So many big moments happened while we lived in that duplex. We celebrated anniversaries and job changes. We made big purchases and had big arguments. I learned to be a better cook and Jay learned to be a better listener. We brought home our first daughter and survived the first days, weeks, months, and years of parenthood. I became a stay at home mom, Jay switched careers, we celebrated many birthdays and Christmas mornings. We found out we were expecting our second child, and that's when we realized that we had possibly outgrown our beloved rental. I remember crying my eyes out one night, worried that there was no way we could afford a decent two-bedroom apartment in a decent neighborhood. Jay started Uber driving a couple nights a week to make extra money. I lost years of my life running around city after city, looking at rental after rental, trying to find something that would work for us.
When I was nearly 9 months pregnant, I found an apartment in our price range that had two large bedrooms and was in what looked to be a friendly neighborhood. We moved in, and during the two weeks before I went into labor, I hastily unpacked boxes and decorated the walls and hung curtains and grew acquainted with our new surroundings.
It wasn't long before we realized why rent was so inexpensive for this particular apartment. Many of the neighbors were loud and often dreadful. Some mornings, we would wake up to see a fresh display of graffiti on the walls of the businesses behind our building. When I'd take the girls to play in a small grassy area near our apartment, we'd have to look out for glass bottles and lighters and dog poop and empty packaging for "medical" marijuana. Our garage lock was cut off in the middle of the day while we were out at lunch one Saturday, and we're grateful to have returned before anything was taken.
Almost daily, I'd hear one neighbor or another screaming at someone. They'd curse loudly at each other and smoke on their porches and I'd have to close the windows and find somewhere to take the girls where I hoped they wouldn't hear it. Front steps would be littered with beer cans and cigarette butts. One neighbor would always stand outside smoking after work, and he'd prefer to do this ritual shirtless. He was always nice, as were his wife and daughter, but when someone's stomach tattoos are staring me in the face day after day, I'm not sure I can act casual anymore.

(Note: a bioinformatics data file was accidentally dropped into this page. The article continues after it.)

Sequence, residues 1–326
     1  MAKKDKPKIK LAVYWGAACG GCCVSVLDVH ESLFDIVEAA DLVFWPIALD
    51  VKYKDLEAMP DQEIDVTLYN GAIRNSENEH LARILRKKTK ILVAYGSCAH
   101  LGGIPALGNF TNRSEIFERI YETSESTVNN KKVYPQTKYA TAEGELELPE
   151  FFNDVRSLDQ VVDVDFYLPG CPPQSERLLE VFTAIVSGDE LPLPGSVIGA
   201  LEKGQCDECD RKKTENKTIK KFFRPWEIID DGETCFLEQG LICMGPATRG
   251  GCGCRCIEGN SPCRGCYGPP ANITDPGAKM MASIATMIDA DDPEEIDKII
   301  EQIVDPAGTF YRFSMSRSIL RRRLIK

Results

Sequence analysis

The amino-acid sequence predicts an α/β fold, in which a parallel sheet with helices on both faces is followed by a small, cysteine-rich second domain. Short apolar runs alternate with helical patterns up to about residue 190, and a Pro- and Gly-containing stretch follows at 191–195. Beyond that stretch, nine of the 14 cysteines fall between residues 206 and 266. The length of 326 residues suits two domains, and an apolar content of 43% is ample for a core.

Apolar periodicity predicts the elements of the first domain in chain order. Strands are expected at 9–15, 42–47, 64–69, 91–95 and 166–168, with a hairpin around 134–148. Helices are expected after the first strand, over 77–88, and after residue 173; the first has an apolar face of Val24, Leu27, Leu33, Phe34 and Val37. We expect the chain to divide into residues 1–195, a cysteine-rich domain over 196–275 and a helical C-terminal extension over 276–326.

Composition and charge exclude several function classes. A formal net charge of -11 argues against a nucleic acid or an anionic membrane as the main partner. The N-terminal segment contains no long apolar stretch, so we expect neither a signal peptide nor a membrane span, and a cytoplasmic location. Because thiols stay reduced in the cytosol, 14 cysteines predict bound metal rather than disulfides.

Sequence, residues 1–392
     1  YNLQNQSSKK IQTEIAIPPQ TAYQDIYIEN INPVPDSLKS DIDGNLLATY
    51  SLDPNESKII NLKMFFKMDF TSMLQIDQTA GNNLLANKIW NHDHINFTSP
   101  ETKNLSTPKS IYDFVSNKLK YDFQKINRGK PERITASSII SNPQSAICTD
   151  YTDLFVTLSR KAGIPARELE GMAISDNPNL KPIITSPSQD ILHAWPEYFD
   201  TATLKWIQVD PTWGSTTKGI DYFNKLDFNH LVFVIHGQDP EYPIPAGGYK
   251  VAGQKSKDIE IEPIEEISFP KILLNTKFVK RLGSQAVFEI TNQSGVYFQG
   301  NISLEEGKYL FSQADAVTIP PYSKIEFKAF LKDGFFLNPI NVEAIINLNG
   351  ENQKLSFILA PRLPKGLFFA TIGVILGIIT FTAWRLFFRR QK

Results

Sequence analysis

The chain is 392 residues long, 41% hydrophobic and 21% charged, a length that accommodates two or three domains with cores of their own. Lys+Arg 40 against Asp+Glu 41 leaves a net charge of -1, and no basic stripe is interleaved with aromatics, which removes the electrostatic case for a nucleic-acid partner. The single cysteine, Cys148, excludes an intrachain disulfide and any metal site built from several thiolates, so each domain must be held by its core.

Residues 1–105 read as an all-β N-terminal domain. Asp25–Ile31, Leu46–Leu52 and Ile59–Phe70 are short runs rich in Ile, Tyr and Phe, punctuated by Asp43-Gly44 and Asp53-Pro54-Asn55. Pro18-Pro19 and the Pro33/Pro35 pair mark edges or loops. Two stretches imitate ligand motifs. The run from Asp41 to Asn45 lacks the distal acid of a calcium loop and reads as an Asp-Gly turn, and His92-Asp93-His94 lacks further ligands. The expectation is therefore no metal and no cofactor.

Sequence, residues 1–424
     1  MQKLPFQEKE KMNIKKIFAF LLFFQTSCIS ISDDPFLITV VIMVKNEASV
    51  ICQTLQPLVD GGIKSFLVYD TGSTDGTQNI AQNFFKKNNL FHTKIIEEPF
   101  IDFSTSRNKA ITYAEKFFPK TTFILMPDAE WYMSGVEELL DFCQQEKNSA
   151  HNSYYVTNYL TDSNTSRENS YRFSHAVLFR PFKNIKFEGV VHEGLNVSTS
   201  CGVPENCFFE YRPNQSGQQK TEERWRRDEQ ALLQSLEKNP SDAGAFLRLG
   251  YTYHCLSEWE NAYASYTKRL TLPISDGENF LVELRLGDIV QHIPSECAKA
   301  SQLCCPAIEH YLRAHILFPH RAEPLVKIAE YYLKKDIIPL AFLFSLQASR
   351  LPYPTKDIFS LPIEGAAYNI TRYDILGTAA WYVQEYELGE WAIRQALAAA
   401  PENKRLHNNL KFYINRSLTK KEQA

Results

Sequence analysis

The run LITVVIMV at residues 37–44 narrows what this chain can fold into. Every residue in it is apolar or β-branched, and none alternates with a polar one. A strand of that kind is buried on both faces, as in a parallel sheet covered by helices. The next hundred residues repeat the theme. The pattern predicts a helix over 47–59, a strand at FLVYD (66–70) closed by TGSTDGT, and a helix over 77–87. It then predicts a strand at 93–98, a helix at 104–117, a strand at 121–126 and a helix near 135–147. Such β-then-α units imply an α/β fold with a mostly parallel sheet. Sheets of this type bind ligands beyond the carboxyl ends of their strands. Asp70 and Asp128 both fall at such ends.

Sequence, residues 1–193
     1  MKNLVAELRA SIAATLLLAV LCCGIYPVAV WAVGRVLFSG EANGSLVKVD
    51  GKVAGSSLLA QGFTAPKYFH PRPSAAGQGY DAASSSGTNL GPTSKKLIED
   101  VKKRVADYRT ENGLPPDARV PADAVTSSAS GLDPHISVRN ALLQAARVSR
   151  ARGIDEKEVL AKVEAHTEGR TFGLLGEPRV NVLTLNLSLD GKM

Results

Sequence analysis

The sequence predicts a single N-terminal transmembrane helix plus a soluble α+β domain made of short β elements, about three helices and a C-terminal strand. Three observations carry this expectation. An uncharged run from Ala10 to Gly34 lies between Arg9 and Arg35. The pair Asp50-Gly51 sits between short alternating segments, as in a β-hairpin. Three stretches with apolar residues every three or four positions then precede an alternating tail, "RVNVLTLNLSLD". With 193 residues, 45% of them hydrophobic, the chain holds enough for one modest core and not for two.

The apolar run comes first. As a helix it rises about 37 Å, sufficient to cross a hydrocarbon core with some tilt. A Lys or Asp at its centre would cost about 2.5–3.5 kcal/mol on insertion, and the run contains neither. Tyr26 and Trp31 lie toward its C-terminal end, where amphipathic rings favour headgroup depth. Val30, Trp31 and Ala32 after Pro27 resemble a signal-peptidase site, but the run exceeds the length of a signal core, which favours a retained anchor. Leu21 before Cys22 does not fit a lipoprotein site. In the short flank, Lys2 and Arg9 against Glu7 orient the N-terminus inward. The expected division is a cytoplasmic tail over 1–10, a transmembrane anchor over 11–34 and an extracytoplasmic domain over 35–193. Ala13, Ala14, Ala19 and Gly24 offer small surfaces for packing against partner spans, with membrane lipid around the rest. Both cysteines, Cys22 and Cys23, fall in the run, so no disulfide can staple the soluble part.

The biggest struggle was with one specific neighbor, who I could possibly write an entire memoir on, but overall it breaks my heart to dwell on here. She is around my age and struggles with alcohol. When she was sober, it always caught me by surprise because she seemed like a completely different person. Someone I would be friends with, even. She was sweet with the girls and would sometimes bring gifts for Eisley. But the majority of the time, she drank.
She'd knock on our door at all hours and want to talk. She didn't have boundaries, and that combined with the drinking ended up being more than I could bear at one point. I have so many stories that are bizarre and frustrating (and sometimes scary) from the past year and a half of being her neighbor, but this doesn't seem to be the place to share those things in detail. But it did reach a point where she was pounding on our door late at night and my anxiety was higher than I think it has ever been in my entire life. I didn't feel safe in my own home. I was furious over what my daughters had witnessed due to her lifestyle (we couldn't leave the apartment without passing her door and there were countless times when she came to our door completely belligerent when the girls were present). I was crying and shaking and told Jay that I just couldn't do it anymore. I didn't know where we were going to go, but we couldn't stay there. That's when he said that maybe it was time for us to think about buying.